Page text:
The basics:
Over the next six months, Iran has agreed to significantly limit its enrichment of uranium, putting it beyond any possibility of development for military use. It will also suspend work on the Arak heavy-water nuclear reactor and work with the International Atomic Energy Agency on tighter inspections. 

In return, the 5+1 Powers (United States, Russia, China,United Kingdom and France, plus Germany) have promised substantial easing of sanctions – much greater than the figure of ‘$4.5–8 billion’ of unfrozen assets in many media reports – including restrictions that have sharply cut Iran’s oil exports. Both sides have committed to seek the completion of a full nuclear deal within a year.

What Iran has agreed:
Iran will suspend its enrichment of uranium to 20% –civilian-grade but capable of development to 90%+ for a military programme –and convert the existing stock to fuel plates or reduce it to 5%. 

Iran will suspend development of the Arak heavy-water reactor, which was scheduled to come online in late 2014. To assuage concerns that it would use plutonium by-product from the reactor for a military programme, it has agreed that it will not construct a reprocessing facility. 

Iran will provide full information on its nuclear facilities to the International Atomic Energy Agency (IAEA), including details on uranium mines and mills. It has agreed to more extensive inspections,including daily access by IAEA inspectors to the Natanz and Fordow enrichment plants. Iran has accepted that there is no formal recognition of its right to enrich in the preamble of the agreement. 

What the 5+1 powers have agreed:
While not giving formal recognition of the right to enrich, the 5+1 Powers have implicitly accepted Iran's enrichment through the details of the agreement. The 5+1 Powers have agreed to unfreeze ‘an agreed amount of revenue held abroad’ by Iran. 

Perhaps more importantly, the 5+1 Powers have agreed to lift significant restrictions on Iran's oil exports, namely ‘the EU and US sanctions on associated insurance and transportation services.’

  • The 5+1 Powers will remove bans on the transfer of gold and precious metals, imposed by the US in February. That effectively allows Iran's customers to pay for goods – including oil and natural gas – with those resources.
  • The 5+1 Powers will lift sanctions on Iran's petrochemical and automobile sectors.
  • The 5+1 Powers will remove restrictions on provision of spare parts for civilian aircraft.
  • The 5+1 Powers will ‘establish a financial channel to facilitate humanitarian trade for Iran’s domestic needs using Iranian oil revenues held abroad’, including transactions for food and agricultural products, medicine, medical devices and medical expenses incurred abroad.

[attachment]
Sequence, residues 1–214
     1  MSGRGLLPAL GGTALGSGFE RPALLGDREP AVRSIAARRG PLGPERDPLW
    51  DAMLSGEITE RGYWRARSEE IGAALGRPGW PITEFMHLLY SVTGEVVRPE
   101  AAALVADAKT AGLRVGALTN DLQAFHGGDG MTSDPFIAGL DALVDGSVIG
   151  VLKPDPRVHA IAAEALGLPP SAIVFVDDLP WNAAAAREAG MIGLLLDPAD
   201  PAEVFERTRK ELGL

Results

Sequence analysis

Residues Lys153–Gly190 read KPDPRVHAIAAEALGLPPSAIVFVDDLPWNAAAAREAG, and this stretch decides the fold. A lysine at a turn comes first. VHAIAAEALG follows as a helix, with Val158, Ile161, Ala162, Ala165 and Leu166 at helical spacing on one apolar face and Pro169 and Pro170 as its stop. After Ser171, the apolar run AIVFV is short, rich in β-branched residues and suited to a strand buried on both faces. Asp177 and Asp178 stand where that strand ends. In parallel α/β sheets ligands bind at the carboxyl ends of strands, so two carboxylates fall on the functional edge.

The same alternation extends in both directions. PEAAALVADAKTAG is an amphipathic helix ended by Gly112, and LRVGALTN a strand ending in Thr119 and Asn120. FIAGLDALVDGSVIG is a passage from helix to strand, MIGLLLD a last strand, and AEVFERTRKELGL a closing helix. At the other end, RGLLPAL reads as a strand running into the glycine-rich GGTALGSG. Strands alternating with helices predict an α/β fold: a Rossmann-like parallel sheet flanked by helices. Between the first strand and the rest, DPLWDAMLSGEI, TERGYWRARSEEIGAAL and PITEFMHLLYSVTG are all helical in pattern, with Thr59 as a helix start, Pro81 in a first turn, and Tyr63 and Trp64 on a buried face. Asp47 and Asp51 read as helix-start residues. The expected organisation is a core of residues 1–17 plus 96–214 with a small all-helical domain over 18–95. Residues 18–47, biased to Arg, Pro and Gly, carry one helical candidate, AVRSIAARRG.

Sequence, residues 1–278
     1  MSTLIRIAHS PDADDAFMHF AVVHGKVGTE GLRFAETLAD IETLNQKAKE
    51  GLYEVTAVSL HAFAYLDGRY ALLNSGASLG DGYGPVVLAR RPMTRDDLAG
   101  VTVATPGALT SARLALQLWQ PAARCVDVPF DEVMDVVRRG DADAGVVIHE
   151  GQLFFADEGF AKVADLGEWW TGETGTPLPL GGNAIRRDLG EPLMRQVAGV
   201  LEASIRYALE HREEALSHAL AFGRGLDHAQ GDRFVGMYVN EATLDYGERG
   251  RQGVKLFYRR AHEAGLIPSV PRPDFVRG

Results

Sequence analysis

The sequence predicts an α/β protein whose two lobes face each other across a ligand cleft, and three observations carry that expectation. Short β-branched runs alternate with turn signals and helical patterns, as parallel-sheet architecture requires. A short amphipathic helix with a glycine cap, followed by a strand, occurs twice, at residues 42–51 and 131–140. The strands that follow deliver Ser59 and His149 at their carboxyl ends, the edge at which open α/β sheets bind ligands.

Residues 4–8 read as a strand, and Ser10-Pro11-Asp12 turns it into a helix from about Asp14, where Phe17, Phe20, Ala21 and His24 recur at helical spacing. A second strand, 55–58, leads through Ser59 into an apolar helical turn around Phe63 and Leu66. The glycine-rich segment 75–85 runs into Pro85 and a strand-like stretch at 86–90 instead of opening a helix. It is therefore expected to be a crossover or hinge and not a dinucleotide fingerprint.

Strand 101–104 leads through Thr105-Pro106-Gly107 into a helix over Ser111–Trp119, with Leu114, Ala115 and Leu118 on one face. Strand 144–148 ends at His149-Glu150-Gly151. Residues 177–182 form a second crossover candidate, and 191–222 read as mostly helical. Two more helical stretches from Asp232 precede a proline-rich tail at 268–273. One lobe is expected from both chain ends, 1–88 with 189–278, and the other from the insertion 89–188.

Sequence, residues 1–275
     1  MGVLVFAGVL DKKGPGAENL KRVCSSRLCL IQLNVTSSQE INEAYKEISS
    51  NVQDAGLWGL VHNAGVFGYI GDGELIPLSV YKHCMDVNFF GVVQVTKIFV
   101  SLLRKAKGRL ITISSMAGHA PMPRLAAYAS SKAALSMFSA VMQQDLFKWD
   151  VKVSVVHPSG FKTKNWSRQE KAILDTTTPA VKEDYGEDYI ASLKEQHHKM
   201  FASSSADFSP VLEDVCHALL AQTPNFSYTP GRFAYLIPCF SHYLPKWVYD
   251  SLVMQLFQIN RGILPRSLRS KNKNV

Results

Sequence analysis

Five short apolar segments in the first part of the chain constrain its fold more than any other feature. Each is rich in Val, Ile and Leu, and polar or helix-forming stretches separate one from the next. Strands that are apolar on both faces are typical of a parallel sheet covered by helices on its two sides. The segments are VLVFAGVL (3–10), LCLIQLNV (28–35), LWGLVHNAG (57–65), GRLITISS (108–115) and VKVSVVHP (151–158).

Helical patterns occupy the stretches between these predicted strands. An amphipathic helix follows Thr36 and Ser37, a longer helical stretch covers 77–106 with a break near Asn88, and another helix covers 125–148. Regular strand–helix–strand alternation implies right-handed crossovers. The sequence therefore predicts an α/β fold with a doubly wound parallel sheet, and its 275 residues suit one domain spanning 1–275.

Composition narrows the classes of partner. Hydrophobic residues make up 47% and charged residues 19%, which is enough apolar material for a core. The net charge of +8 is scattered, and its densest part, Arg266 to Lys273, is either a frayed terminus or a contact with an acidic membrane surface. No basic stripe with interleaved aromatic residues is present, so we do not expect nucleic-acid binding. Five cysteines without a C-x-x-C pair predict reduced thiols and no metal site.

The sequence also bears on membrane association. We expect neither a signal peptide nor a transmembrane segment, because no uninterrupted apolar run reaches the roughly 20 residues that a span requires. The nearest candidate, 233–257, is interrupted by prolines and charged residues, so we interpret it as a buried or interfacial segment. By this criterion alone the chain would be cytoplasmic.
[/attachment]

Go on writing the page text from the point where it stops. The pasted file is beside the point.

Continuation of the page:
The final agreement:

Within one year, both sides will implement provisions for an ‘enrichment programme with mutually agreed parameters consistent with practical needs, with agreed limits on scope and level of enrichment activities, capacity, where it is carried out, and stocks of enriched uranium.’ 

Iran will ratify the Additional Protocols to the Non-Proliferation Treaty.  In return, all sanctions will be lifted. 'The Iranian nuclear programme will be treated in the same manner as that of any non-nuclear weapon state party to the NPT [Non-Proliferation Treaty].'

Will we get there?
It is more likely that the obstacle to implementation of the interim agreement – and to moves towards a comprehensive deal – will come from the US rather than Iran. 

With the exception of a few hard-line newspapers,reaction to the interim deal has been positive, from the Supreme Leader to politicians and clerics to the general public. The announcement has already led to a show of confidence in a recovery for Iran’s beleaguered economy and to prospects for Iran’s enhanced role in regional affairs, including discussions of the Syrian conflict.

Reactions have been mixed in the US, however, with anti-agreement lobbying groups, media, and ‘think-tanks’ quickly putting out denunciations. These range from claims that Iran has preserved its ability to move towards a nuclear bomb to declarations of ‘appeasement’ – a 2013 version of Munich – of the Islamic Republic. 

At the moment, the momentum is with the Obama Administration to withstand this pressure, provided Iran follows up the interim deal with arrangements for stricter inspections. However, if the White House buckles by pulling back the easing of sanctions – let alone imposing new ones –then this will jeopardize the Rouhani government's approach of engagement and negotiation. 

Professor Scott Lucas is Professor of American Studies at the University of Birmingham  

For further information and analysis, see EA WorldView's Iran section